R Strauss: Salome – final scene; Capriccio – excerpts; Four Last Songs

WORKS: Salome – final scene; Capriccio – excerpts; Four Last Songs
PERFORMER: Nina Stemme (soprano); Orchestra of the Royal Opera House, Covent Garden/Antonio Pappano
CATALOGUE NO: 378 7972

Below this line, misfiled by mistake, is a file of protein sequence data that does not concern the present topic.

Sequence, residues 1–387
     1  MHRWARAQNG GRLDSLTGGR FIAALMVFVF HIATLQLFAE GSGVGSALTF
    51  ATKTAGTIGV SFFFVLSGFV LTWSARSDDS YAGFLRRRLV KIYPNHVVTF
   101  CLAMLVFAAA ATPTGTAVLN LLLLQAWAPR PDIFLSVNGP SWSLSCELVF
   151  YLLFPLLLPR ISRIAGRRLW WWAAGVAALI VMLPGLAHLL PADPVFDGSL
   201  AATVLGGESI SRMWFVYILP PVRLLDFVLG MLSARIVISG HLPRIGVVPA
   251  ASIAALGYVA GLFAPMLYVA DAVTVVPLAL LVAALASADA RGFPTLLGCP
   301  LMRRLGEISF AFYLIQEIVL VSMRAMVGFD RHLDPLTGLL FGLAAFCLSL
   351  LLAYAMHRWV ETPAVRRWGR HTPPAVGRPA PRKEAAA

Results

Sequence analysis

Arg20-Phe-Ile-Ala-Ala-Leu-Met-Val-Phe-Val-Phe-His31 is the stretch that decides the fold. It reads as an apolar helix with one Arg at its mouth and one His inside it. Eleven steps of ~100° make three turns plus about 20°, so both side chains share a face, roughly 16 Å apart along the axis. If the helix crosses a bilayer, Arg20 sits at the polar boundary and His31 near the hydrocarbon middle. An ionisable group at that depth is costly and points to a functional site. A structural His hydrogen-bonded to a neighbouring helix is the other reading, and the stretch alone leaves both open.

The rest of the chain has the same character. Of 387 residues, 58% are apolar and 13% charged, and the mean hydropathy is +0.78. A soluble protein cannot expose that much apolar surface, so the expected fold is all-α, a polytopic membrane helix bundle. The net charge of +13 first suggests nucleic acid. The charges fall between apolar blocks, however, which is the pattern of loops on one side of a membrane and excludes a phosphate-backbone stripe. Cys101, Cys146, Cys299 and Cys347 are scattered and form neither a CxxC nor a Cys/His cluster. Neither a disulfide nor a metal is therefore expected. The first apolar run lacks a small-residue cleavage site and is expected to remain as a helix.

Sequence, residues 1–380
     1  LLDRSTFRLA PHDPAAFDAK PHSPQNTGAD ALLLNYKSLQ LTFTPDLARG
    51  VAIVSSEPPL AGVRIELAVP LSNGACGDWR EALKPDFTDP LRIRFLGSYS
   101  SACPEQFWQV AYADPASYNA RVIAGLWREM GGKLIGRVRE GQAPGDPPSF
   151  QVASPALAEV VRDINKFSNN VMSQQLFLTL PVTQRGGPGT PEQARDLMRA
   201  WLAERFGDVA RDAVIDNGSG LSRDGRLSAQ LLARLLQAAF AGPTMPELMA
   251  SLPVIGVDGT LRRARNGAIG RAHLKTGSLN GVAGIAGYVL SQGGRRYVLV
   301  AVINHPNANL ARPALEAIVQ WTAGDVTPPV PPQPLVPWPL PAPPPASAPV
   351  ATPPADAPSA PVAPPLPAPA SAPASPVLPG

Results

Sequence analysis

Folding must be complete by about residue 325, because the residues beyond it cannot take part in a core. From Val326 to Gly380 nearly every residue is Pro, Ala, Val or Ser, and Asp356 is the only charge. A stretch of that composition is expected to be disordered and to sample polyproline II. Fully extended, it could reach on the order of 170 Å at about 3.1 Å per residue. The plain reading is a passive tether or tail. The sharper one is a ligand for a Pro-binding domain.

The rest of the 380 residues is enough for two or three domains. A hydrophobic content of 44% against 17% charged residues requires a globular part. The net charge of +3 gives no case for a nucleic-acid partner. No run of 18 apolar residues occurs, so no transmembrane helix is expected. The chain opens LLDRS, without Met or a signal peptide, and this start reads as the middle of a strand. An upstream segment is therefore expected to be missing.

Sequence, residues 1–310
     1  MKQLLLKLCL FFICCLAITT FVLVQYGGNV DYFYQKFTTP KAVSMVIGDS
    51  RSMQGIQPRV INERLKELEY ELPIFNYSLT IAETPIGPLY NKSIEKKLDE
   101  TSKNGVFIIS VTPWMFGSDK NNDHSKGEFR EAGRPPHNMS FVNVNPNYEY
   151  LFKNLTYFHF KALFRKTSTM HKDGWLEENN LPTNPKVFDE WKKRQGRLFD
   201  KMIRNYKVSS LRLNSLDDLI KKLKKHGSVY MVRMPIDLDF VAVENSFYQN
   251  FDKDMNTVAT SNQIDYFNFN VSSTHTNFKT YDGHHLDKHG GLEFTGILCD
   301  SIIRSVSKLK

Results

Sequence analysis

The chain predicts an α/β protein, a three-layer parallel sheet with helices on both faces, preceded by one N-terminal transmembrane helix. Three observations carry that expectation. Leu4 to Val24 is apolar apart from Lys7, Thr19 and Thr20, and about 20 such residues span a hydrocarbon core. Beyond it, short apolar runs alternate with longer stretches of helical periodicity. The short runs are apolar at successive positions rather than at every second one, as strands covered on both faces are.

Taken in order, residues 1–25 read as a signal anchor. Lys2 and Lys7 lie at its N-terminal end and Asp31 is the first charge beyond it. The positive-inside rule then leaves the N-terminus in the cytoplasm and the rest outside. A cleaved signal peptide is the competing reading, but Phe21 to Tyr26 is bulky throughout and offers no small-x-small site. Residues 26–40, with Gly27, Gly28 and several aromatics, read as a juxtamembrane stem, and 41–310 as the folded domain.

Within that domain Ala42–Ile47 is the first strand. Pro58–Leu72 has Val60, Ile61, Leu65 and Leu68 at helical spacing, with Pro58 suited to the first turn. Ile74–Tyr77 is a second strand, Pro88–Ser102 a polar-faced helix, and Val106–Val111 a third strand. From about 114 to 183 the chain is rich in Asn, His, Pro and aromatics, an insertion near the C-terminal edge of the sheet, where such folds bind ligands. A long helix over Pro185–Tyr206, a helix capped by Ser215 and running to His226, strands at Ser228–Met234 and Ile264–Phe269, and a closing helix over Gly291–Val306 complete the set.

Due to the current state of the industry, Antonio Pappano never gets to record more than bleeding chunks of the Strauss operas (he last did so, gloriously, for Natalie Dessay and distinguished company in the Virgin disc Amor). Yet nothing illustrates better his genius for going straight to the theatrical heart of the matter than the opening blaze of this Salome finale. It’s both beautifully textured and keenly energised, and his sense of the drama seems to have rubbed off on Nina Stemme’s Salome, poised between anger and nostalgia, and Gerhard Siegel’s anxious Herod. This is, of course, Stemme’s showcase. The young Swedish soprano’s dark timbre – very mezzoish at the start of the Four Last Songs – and fast vibrato may not be to all tastes, and her tone-colour is, as yet, rather limited. She does have a clear, intelligent way with the texts, and the voice opens out resplendently above the stave in the soaring phrases of the songs. The moon which illuminates the brutal crushing of Salome also shines, in Pappano’s hands delicately rather than refulgently, into the chateau of Capriccio’s Countess Madeleine, evidently in a different kind of erotic lather from the Palestinian princess, though it’s a pity the interchange between the lady of the house and her major domo has been cut. Stemme may not touch the melting mood of Dame Kiri or Gundula Janowitz here, and Christine Brewer’s Four Last Songs (Telarc), like her Isolde, is obviously more opulent. But Stemme’s is definitely a major talent, maybe best seen as well as heard. David Nice